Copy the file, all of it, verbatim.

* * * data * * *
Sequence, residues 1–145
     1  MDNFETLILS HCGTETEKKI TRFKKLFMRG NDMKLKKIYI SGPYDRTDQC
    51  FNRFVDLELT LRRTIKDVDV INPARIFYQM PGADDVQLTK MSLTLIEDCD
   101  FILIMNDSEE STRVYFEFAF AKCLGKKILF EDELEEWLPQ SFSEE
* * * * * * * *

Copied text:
Sequence, residues 1–145
     1  MDNFETLILS HCGTETEKKI TRFKKLFMRG NDMKLKKIYI SGPYDRTDQC
    51  FNRFVDLELT LRRTIKDVDV INPARIFYQM PGADDVQLTK MSLTLIEDCD
   101  FILIMNDSEE STRVYFEFAF AKCLGKKILF EDELEEWLPQ SFSEE